Javid shifted focus onto housing delivery but successor must hit the ground running, by John Geoghegan

The planning sector has become used to change at the housing ministry. But the appointment of James Brokenshire as housing secretary - the third to lead the department since 2016 - has still come as a surprise to many.

His predecessor Sajid Javid leaves after less than two years, having been appointed in July 2016 when Theresa May became Prime Minister. Javid certainly oversaw plenty of change during his tenure. The 2017 housing white paper was a key milestone, as was March’s draft revised National Planning Policy Framework, which had been years in the making. There was also last September’s consultation on a new standard housing need method as well as the threat to intervene on local plans. How can we judge his legacy?

Housing has certainly risen high up the government’s agenda on his watch. Through measures such as the new housing delivery test, Javid has shifted councils’ focus onto delivery, while the standard assessment method could see supply rise sharply in many areas. He also turned the screw on local authorities that have been too slow to get their local plans in place with his threatened intervention. The Tories’ previous dogmatic obsession with home ownership has been diluted, with measures to support delivery across all tenures, particularly the fledgling build-to-rent sector.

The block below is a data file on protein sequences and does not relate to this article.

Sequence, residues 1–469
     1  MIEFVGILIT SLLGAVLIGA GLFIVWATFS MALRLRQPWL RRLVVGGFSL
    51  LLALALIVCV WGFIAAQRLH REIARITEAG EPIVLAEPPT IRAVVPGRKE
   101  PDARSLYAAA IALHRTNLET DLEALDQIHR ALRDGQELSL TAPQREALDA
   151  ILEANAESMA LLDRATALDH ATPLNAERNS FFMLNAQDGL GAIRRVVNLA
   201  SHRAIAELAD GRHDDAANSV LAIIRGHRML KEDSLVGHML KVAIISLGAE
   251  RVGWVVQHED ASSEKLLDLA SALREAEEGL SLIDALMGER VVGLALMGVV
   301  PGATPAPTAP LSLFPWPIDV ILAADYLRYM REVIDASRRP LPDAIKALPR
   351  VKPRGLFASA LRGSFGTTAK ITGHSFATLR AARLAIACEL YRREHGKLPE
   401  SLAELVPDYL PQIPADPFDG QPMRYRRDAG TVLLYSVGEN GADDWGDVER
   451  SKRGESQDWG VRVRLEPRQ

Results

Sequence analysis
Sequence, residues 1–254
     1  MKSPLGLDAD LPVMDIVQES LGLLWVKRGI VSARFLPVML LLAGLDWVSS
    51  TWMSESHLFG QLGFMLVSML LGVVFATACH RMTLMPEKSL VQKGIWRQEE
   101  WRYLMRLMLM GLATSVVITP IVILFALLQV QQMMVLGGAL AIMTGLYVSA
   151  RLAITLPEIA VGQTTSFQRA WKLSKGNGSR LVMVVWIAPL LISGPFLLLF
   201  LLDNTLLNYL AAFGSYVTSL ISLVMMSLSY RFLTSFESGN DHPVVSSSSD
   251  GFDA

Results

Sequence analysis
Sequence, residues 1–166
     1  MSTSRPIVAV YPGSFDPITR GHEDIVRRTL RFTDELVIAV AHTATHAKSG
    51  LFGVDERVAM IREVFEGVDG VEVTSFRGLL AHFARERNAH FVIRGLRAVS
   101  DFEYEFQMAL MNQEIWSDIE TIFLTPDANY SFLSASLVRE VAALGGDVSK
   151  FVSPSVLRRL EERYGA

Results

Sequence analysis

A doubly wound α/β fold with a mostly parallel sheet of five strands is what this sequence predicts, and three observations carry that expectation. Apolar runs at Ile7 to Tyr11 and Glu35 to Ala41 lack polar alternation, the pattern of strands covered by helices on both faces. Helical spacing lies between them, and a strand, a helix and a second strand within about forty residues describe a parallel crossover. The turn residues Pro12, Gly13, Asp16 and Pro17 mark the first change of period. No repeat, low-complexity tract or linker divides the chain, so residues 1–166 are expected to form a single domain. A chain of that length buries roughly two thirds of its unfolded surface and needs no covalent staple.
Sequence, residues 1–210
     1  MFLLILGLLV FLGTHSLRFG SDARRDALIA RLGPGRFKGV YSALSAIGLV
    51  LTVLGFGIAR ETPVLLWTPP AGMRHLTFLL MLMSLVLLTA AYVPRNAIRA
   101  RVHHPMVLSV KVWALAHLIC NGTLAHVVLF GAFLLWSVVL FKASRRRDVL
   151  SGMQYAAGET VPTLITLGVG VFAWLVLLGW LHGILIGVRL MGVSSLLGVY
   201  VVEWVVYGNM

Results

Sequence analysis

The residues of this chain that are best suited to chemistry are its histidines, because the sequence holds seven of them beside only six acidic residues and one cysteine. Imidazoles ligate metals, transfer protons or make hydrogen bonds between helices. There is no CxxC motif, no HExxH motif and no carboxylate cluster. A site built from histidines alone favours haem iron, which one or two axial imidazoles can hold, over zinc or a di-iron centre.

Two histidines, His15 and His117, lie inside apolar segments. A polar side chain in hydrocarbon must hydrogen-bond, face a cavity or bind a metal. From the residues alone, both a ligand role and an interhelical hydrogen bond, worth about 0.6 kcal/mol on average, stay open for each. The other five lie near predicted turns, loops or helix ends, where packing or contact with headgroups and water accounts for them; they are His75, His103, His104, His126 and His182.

It could be argued that the government’s new focus on housing – which included the rebranding of Javid’s role and department – was a response to Labour’s success in campaigning on the issue. But Javid brought a new energy to Tory rhetoric on the issue, pledging to boost housing levels and to take on vested interests that were blocking new homes. He also frequently made the moral case for solving the housing crisis. Along with the previous housing minister Gavin Barwell, Javid recognised that it was not just councils that needed to up their game on housing delivery. In a new departure for a Tory minister, he also turned his fire on developers, much to their disquiet, and on local politicians who duck tough decisions.

While tributes from the development sector have largely been positive, others are less glowing, pointing to an increase in centralising measures, such as the delivery test. It is also too early to judge the long-term impact of initiatives introduced under Javid on increasing planning permissions and housing completions. Though it does appear that the threat of intervention prompted some of the 15 councils concerned to speed up their local plan production, the threat of taking over their plan processes has yet to be followed through. As we point out in this issue, the outgoing secretary of state has also regularly failed to meet his own decision deadlines. And there was widespread disappointment at the lack of the promised radical measures in the white paper.

More fundamentally, the change in housing secretary, along with the revolving door of housing ministers, has led many in the built environment sector to question whether the government really is committed to solving the housing crisis. It is essential that Brokenshire is able to get up to speed quickly in order to provide the consistent leadership required to deliver the homes and infrastructure the country desperately needs.


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